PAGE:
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 Then you can post your own questions or snow reports...
Then you can post your own questions or snow reports...
kitenski wrote:
Who is going to spot/fix your bad habits that you don't even know about?

I don't think that Athlete Directed Learning will work if you don't have an accurate mental model of what you are doing and what you should be doing. You probably need some interaction with a coach to get up to this level.

I'm not a boarder either but the last session that I attended on this area was run by the GB snowboard coach.
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 After all it is free Go on u know u want to!
After all it is free Go on u know u want to!
FTR when I chatted with snow-trainers the average age was 40+ in big white and one other so not all gap year kids. After going through the schedule I just thought sod that for a laugh. Start 9.30 finish 4 30 Mon to Friday. The course was punishing and I thought it would most definitely improve my riding too but I want to chase pow and try and ride with the best riders (that would have me) to improve.

Boarder2020 thanks for the tips, I was looking at whistler until I shleved it in favour of cham but your post piqued my interest. I'm going with the wife so that adds a different dimension.
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Quote:

I would rate it above just doing a "develop your riding" course because of the element of assessment. For sure, you'll learn loads going and doing a season-long shred program, but if you're struggling to stick that 360 or your switch carving isn't working out


I would disagree. Purely because from what I've seen the instructional courses are not going to push you in terms of terrain. I know a girl who did her ski instructor training and technically a very good skier but can't ride steeps to save her life (yes some of that is psychological I'm sure). Her sister who never did a course but spent her time skiing with her boyfriend who snowboards very well is far better. Also for a lot of people 360s and switch are simply not goals. I personally couldn't care less about switch, I can be doing something more fun and it doesn't improve my regular riding. I am much more interested in off-piste/back country which I have happily paid to be instructed for and has been very useful.

Quote:

I actually know quite a few instructors who were very successful in competition (podiums on the FWT, freestyle world cups, olympics) and then went on to become instructors afterwards. They'll all tell you they had to work quite hard on their riding to pass the exams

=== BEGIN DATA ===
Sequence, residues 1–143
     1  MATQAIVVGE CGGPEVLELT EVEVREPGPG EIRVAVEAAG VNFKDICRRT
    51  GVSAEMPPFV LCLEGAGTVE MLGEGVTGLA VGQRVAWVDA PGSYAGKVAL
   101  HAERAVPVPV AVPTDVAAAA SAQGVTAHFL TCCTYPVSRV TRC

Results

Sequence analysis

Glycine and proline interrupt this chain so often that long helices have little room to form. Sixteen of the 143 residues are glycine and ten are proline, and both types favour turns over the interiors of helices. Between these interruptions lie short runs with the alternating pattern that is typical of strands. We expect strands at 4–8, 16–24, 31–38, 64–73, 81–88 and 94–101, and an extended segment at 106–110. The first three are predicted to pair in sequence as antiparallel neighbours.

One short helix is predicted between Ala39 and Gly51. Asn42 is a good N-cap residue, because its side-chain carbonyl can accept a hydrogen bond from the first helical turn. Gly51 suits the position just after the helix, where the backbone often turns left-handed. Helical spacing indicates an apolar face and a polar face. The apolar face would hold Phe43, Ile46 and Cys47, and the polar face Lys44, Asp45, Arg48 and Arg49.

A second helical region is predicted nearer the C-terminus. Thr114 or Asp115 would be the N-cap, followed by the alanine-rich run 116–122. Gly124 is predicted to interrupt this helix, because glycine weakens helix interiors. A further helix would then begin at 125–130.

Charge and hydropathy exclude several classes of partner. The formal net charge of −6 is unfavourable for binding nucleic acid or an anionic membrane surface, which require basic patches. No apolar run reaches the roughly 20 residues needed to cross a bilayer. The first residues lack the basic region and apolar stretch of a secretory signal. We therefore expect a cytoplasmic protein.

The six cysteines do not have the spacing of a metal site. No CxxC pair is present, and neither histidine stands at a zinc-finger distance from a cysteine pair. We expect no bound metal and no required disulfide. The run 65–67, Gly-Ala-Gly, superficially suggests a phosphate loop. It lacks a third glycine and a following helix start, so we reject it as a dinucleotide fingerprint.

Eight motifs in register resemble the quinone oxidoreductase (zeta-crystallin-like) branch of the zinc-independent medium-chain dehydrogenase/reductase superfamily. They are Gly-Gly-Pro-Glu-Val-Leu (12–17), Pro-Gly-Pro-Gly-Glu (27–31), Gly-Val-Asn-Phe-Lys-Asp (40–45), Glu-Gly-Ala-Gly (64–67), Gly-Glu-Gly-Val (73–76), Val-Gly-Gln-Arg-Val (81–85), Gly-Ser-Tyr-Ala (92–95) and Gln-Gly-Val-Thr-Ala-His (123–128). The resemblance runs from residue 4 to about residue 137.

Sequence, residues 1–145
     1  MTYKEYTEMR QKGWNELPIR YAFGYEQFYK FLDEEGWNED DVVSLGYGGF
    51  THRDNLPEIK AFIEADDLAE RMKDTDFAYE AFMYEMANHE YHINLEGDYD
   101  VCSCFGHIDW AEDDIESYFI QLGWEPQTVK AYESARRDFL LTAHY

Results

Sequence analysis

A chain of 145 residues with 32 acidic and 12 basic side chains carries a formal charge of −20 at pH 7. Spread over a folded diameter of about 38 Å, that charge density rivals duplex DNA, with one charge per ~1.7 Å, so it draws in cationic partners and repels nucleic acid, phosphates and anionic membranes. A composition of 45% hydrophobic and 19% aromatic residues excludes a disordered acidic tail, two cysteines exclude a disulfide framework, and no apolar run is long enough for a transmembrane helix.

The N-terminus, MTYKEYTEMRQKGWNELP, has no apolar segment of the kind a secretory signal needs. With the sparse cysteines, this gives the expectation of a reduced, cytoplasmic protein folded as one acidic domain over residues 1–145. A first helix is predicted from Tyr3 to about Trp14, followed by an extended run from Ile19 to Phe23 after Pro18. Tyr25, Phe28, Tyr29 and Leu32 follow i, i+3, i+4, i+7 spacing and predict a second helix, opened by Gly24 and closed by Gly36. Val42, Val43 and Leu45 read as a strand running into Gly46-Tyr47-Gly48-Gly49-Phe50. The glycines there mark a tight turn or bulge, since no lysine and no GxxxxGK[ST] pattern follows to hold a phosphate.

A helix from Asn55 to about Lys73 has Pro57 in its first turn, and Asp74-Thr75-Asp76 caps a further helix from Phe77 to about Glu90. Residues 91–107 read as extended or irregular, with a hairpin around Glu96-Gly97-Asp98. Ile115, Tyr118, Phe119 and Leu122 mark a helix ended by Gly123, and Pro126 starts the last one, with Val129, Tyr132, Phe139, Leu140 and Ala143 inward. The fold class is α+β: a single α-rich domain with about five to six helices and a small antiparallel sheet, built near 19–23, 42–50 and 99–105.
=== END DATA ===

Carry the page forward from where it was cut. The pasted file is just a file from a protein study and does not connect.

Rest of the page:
I would have to ask then, how accurate is that teaching organisations standards? In sports science the old ideas of "optimum technique" have been losing ground. We see too many outliers that are successful using non-standard techniques. We also have more and more research showing that the best athletes have the most variability, even in closed sports. If those guys had originally been coached the BASI way to ski would they have been so successful? Of course we will never know. Control variables and much more flexibility are probably the way to teach of the future rather than rigid rules/guidelines which probably don't work for everyone.
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 Ski the Net with snowHeads
Ski the Net with snowHeads
boarder2020 wrote:


I would have to ask then, how accurate is that teaching organisations standards? In sports science the old ideas of "optimum technique" have been losing ground. We see too many outliers that are successful using non-standard techniques. We also have more and more research showing that the best athletes have the most variability, even in closed sports. If those guys had originally been coached the BASI way to ski would they have been so successful? Of course we will never know. Control variables and much more flexibility are probably the way to teach of the future rather than rigid rules/guidelines which probably don't work for everyone.


It is an interestnig post. I recently read that the way we do sit ups has evolved through 6 techniques. In skiing/boarding as equipment has changed technique has evolved with it.

Regarding ski instruction (sorry I know nothing about boarding) it is interesting to compare the different training programmes (from what little I've seen Happy.

BASI take good recreational skiers and turn out ski instructors.
ENSA (French) take excellent skiers/competitors, weed out the bottom end before entry (generally people without a solid competition background or who don't ski to a high level) and try and turn them into ski instructors with a bit of boarding tacked on... but generally people are ski oriented. If you are a French snowboarder you might prefer to train in the Swiss system.
The Italians seem to take Alberta Tomba wannabees and issue them with MOU stamps Happy

I find the French instructors tend to be relaxed wrt to style. I spent a couple of days with an Olympic gold medalist and she said the worst thing was having a new coach messing with your technique unless something really wasn't working.
A top BASI instructor told me they have Italian Maestros coming to do the BASI 4 exams who were incredible good skiers at competition level. A Eurotest would be nothing for them but they often had to go back to BASI 3 to work on instruction and technique. Why did they want BASI 4? Because it made them more employable and they could get higher wages than with Maestro.